Learning TypeScript Part 3 – Interfaces


Interfaces are the most flexible way of describing types in TypeScript language. The only job of an interface in TypeScript is to describe a type. While classes and functions will deal with implementation.

To define an interface use the keyword interface.

interface IMovie {
 play(name: string): void;

Roles of Interfaces

  • Describing an Object
  • Describing an Indexable Object
  • Ensuring Class instance Shape

Describing an Object

In Javascript methods like $.ajax takes many arguments, but not necessarily we need to pass all the arguments whenever we use this method. TypeScript support this notion of optional properties to help you use these objects correctly.

interface IMovieSettings {
 name: string;
 length?: number;
 genre?: string;

function playMovie(movie: IMovieSettings) {

If ? symbol is used after some of the member names then it means that the member is optional.

playMovie({ name: 'The Hobbit' }); //OK
playMovie({ name: 'The Hobbit', length: '70 mins' }); // Invalid type for length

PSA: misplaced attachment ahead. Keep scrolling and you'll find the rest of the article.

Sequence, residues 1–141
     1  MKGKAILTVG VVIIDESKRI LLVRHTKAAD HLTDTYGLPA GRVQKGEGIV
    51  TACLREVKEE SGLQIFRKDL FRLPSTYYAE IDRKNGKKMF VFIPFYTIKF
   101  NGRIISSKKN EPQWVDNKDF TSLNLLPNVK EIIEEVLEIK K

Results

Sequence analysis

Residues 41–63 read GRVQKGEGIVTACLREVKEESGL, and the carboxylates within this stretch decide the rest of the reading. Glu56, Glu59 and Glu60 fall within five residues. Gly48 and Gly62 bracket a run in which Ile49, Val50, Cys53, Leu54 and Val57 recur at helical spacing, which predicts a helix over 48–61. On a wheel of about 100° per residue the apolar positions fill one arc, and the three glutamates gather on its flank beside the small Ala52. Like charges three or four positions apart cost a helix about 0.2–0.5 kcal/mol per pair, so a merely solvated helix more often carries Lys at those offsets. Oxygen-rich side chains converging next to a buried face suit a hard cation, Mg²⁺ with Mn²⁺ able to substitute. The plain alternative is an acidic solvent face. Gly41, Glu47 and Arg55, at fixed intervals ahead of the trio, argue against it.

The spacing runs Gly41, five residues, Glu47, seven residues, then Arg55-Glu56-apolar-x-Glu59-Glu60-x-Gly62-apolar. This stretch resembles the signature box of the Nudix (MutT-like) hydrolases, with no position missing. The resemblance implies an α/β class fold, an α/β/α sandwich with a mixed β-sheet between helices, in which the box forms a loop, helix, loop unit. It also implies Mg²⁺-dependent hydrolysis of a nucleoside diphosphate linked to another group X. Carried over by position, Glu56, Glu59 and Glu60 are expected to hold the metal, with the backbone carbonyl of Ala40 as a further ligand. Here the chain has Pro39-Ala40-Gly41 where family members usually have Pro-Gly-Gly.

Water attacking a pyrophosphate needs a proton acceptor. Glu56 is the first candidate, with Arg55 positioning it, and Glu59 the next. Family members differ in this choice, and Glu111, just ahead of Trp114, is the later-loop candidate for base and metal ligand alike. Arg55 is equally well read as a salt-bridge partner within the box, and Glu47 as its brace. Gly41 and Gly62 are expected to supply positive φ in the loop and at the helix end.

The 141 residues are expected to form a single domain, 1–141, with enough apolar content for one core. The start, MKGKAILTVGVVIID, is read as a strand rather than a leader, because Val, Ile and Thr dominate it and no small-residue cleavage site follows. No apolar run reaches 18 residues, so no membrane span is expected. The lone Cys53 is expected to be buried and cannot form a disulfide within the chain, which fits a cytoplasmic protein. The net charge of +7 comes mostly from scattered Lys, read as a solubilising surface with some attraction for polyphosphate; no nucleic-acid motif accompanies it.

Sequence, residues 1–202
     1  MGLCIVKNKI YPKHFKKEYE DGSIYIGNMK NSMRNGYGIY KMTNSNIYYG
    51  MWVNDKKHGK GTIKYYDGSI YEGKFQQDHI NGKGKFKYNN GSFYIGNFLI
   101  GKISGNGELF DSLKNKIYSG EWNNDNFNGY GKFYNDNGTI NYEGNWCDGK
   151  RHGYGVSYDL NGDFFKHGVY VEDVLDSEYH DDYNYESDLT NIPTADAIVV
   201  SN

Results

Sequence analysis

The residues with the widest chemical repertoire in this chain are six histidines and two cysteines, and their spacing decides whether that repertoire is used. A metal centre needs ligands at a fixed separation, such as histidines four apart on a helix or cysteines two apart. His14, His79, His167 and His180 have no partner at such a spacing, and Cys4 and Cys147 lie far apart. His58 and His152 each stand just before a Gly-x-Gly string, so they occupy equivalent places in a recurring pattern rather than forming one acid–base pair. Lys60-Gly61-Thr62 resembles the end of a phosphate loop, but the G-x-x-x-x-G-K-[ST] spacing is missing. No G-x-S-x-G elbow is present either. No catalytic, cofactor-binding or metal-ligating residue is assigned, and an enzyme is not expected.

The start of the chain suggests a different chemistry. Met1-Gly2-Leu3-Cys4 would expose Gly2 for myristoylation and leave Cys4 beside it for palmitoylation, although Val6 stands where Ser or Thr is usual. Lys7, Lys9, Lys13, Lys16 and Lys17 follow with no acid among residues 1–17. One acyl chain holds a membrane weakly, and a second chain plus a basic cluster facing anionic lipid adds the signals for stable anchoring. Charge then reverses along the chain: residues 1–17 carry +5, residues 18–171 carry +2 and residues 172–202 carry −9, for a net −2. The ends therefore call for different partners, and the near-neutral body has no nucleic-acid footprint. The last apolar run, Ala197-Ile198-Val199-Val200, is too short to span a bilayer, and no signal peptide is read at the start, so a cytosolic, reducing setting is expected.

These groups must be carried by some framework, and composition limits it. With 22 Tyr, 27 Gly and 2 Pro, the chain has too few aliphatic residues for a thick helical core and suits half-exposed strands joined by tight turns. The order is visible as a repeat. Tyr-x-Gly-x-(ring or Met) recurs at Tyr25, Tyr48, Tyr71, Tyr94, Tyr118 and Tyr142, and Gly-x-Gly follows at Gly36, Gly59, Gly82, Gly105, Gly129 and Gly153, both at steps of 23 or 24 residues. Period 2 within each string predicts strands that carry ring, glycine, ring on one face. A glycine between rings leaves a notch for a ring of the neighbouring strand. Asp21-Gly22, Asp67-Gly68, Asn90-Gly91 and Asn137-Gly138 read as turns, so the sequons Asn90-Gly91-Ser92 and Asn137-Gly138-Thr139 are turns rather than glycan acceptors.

playMovie({ length: 70, genre: 'Adventure' }); // Property name is missing

Describing an Indexable Object

Indexable types have an index signature that describes the types we can use to index in to the object, along with corresponding return types when indexing

interface IMovies {
 [index: number]: string;
let movies: IMovies;
movies = ["The Hobbit", "Lord of the Rings", "Deadpool"];

Ensuring Class Instance Shape

Let’s extend the IMovies example above

interface IMovie {
 play(name: string): void;
 language: string;

we can implement this inrface  in a class using implements keyword

class HollywoodMovie implements IMovie {
language = 'English';

play(name: string) {

Now we can use an instance of Hollywoodmovie wherever a IMovie is expected.

var movie: IMovie = new HollywoodMovie();

Similarly we can also use structural typing of TypeScript to implement the IMovie object literal.

var movie = {
play: (name: string) => { console.log(name) },
language: 'Any',

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